4

I've encountered a wierd situation when trying to match the first character of a string using a regex with alternatives. It seems that replacement stops when matching a single character using a period at the start of the string, but not for slightly different patterns.

Desired behavior:

"foo bar" -> "Foo Bar"

(replace-regexp-in-string
   "^.\\| ."
   #'upcase
   "foo bar")
> "Foo bar"

Notice that replacement stops and doesn't capitalize the 'b' in 'bar'. However:

(replace-regexp-in-string
   "^f\\| ."
   #'upcase
   "foo bar")
> "Foo Bar"

(replace-regexp-in-string
   "^.o\\| ."
   #'upcase
   "foo bar")
> "FOo Bar"

(replace-regexp-in-string
   "^..\\| ."
   #'upcase
   "foo bar")
> "FOo Bar"

I have tried parenthesizing all combinations of the alternatives to no effect.

I'm not concerned about beginning of string vs beginning of line ('\`' vs '^'), but FWIW this odd behavior is consistent with both patterns.

I'm observing this behavior with both emacs 24.5.1 and 25.0.95.1.

  • 1
    Take a look at it's implementation, where you'll immediately see why this is happening. I think, it can be considered a bug. – politza Aug 25 '16 at 23:05
  • 3
    I did not see immediately why this is happening, so spoiler alert, here's why : in the current implementation, the regexp is matched first against the whole string (that's normal and ok), then once again, but only against the substring that matched. This is an optimisation which leads to the bug because the substring that matched is " b" which is matched by "^.", so only the space character gets upcased. Could you please M-x report-emacs-bug ? – YoungFrog Aug 26 '16 at 5:34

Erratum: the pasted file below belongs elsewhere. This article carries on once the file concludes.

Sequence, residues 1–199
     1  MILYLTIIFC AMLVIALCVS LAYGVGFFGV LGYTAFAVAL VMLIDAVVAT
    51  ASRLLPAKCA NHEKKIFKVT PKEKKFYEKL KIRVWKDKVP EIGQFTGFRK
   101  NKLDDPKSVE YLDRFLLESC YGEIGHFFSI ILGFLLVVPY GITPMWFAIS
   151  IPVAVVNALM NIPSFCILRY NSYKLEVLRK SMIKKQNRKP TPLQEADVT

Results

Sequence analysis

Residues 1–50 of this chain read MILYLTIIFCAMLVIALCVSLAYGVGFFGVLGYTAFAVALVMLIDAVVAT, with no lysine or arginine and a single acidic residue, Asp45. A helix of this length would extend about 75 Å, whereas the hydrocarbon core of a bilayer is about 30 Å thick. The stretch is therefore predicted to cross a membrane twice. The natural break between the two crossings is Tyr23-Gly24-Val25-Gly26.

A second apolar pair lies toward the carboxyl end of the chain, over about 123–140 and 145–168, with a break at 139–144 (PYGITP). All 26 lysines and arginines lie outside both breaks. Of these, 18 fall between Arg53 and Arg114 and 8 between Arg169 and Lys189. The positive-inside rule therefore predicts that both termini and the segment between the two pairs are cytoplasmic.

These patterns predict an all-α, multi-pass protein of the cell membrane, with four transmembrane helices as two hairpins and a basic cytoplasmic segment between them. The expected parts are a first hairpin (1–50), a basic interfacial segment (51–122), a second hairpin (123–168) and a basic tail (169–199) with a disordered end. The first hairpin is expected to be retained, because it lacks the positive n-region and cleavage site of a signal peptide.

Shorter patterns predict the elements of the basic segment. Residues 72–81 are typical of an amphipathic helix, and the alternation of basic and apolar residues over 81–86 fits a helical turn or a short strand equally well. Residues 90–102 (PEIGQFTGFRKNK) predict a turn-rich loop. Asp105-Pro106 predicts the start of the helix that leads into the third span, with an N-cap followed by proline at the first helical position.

• 1
    I think this might be another case of Bug #15107 – npostavs Aug 29 '16 at 16:57
  • 2
    Not addressing the bug (if that's what it is), but just noting that you could (I think should) use capitalize, not replace-regexp-in-string: (capitalize "foo bar") => "Foo Bar" – Phil Hudson Aug 30 '16 at 23:04
  • 1
    Again, not addressing the bug, I think "\\<." may be the regexp you want. (That is: beginning of word followed by character). (replace-regexp-in-string "\\<." #'upcase "foo bar") => "Foo Bar" – Phil Hudson Aug 30 '16 at 23:19
3

There's consensus that the observed behavior is buggy and not user error / an expected limitation of regexps in emacs.

I mentioned this discussion and submitted a regression test for the bug on debbugs: GNU bug #15107 "24.3; replace-regexp-in-string wrong on `

One solution for those seeking one in the interim: If the replacements do not interact with the pattern itself, the replacement may be split at the pattern alternatives. For example:

(replace-regexp-in-string "^." #'upcase
 (replace-regexp-in-string " ." #'upcase "foo bar"))

Ultimately I changed my regexp to use the word boundary character \\< to yield the pattern "\\<." In my particular case I could have replaced the whole thing with #'capitalize.

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